Fabada asturiana

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Fabada Asturiana
Fabada Asturiana, typically served with crusty bread and Asturian cider
Fabada Asturiana, typically served with crusty bread and Asturian cider
Alternative names Fabada
Type Stew
Course Appetiser or main course
Place of origin Spain
Region or state Principality of Asturias
Serving temperature Hot
Main ingredients White beans
Variations Olla podrida, cassoulet
Cookbook: Fabada Asturiana  Media: Fabada Asturiana

Fabada asturiana, often simply known as fabada, is a rich Spanish bean stew, originally from and most commonly found in the autonomous community of Principality of Asturias, but widely available throughout the whole of Spain and in Spanish restaurants worldwide. Canned fabada is sold in most supermarkets across the country.

Fabada is a hot and heavy dish and for that reason is most commonly eaten during winter and at the largest meal of the day, lunch. It is usually served as a starter, but may also be the main course of the meal. It is typically served with crusty bread, and with Asturian cider or a red wine.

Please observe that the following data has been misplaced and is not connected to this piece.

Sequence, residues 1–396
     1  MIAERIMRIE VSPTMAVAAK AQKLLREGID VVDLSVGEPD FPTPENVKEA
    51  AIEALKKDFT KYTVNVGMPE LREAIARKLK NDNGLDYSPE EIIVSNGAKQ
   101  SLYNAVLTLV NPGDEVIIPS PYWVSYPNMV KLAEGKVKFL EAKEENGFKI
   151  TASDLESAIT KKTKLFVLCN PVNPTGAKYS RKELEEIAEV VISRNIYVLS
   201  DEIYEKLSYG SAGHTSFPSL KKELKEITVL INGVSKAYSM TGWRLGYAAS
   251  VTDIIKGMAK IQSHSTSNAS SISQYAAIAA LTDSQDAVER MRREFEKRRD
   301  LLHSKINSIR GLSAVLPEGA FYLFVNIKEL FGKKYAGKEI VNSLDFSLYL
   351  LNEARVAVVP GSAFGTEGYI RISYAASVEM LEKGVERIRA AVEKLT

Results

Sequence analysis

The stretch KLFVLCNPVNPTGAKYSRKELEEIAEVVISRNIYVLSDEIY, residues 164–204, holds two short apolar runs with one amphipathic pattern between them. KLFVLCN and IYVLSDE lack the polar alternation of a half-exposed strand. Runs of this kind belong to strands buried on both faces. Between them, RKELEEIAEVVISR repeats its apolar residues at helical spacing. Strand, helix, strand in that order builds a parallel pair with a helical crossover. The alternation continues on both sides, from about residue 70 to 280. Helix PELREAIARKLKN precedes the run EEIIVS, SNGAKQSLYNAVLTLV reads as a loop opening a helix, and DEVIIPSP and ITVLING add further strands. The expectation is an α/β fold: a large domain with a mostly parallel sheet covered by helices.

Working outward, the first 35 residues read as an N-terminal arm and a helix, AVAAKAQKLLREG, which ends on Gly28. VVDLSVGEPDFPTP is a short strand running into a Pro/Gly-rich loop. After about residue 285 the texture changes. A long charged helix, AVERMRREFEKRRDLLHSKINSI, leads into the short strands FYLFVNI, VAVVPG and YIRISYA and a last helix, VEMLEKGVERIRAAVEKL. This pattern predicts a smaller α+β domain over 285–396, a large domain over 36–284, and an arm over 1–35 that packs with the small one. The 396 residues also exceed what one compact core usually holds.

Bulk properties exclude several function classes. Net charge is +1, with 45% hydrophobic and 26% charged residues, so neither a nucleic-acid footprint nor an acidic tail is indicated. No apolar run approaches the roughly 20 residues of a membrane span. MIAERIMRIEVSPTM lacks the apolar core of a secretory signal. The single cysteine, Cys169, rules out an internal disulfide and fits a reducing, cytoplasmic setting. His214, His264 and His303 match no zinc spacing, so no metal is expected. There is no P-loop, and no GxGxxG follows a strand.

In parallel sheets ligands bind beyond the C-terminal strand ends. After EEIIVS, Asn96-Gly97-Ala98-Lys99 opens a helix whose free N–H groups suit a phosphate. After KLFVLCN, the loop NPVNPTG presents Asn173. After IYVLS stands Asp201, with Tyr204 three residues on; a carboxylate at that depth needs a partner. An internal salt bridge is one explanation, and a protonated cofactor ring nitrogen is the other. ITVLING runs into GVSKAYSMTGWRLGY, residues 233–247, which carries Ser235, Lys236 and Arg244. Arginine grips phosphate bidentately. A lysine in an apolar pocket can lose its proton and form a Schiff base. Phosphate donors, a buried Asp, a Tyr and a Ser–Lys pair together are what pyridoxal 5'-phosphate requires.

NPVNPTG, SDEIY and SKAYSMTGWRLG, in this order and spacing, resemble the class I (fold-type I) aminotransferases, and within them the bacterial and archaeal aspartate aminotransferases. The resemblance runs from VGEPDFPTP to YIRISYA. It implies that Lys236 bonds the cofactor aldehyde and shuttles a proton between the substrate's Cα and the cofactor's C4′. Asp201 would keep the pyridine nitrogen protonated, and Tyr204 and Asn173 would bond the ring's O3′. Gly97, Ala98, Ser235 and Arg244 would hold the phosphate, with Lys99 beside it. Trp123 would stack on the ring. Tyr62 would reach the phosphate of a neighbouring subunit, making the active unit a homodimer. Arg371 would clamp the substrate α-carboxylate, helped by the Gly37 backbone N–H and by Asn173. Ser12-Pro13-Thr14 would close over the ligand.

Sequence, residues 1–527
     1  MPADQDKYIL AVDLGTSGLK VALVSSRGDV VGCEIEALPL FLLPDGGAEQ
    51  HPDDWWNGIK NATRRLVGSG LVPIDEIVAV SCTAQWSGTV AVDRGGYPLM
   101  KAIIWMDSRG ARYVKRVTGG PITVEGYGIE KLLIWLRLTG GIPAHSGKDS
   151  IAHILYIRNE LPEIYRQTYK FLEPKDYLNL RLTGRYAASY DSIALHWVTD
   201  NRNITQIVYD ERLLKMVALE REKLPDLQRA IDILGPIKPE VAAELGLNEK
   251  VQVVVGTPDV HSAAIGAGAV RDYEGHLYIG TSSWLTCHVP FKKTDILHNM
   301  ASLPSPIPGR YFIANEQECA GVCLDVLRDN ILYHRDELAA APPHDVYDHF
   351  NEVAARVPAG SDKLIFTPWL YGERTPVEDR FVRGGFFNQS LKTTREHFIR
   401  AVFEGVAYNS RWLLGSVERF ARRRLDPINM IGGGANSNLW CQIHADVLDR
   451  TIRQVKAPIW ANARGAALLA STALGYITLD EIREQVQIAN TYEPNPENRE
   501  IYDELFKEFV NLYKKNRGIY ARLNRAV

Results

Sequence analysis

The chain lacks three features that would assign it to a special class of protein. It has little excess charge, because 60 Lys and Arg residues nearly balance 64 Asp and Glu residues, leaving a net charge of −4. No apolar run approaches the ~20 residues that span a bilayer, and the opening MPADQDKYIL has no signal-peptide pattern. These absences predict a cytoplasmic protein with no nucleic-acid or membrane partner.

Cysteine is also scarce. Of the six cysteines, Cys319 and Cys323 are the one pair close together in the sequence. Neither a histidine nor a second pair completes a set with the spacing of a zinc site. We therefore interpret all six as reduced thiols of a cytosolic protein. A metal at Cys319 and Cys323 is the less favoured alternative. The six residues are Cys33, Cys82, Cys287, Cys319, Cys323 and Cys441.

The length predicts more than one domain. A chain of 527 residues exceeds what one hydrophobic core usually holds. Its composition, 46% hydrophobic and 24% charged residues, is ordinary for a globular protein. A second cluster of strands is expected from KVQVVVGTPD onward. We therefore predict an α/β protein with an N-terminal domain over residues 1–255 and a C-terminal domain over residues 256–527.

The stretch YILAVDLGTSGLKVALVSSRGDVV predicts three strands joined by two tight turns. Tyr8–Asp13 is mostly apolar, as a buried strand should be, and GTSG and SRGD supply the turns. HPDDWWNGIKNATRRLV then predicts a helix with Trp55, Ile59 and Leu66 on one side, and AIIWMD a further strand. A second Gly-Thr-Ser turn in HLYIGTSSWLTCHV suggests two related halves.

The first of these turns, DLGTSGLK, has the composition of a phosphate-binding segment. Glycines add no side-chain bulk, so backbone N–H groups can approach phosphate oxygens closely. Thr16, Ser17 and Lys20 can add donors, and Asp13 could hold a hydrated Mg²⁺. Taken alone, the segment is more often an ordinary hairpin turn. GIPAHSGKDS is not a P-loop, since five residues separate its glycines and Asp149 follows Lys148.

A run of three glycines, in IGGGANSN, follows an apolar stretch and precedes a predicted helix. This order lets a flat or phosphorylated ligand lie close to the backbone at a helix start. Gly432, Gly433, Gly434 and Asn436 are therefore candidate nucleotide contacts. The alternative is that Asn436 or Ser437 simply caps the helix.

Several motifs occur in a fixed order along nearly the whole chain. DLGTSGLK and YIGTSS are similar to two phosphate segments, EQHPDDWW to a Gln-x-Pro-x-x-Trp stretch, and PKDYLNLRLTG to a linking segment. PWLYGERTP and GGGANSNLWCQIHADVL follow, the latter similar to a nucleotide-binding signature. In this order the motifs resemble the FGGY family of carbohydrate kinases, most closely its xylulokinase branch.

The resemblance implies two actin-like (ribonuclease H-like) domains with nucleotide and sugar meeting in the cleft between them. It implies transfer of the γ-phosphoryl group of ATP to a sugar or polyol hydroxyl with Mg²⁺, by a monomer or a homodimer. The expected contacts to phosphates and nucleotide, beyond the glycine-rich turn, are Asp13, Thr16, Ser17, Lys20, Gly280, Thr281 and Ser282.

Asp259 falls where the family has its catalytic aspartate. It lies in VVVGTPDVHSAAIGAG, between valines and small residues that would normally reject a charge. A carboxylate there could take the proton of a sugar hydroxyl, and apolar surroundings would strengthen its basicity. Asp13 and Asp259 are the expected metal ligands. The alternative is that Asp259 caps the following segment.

Fabada is made with dried large white beans (fabes de la Granja, soaked overnight before use), shoulder of pork (Lacón Gallego) or bacon (tocino), black pudding (morcilla), chorizo, and often saffron (azafrán).[1][2] Some recipes also call for longaniza.


The Spanish olla podrida and southern French cassoulet are both similar to fabada asturiana. Boston baked beans also have some similarities in that they use pieces of pork fat and white beans.


See also[edit]


  • References in Spanish Wikipedia
  • Aris, Pepita. Spanish: Over 150 Mouthwatering Step-By-Step Recipes. London: Anness Publishing Ltd, 2003. p 203.
  • Chandler, Jenny. The Food of Northern Spain. London: Pavilion Books, 2005. p 95.
  • Klöcker, Harald. Culinaria Spain. Cologne: Könemann Verlagsgesellschaft mbH, 1998. p 208.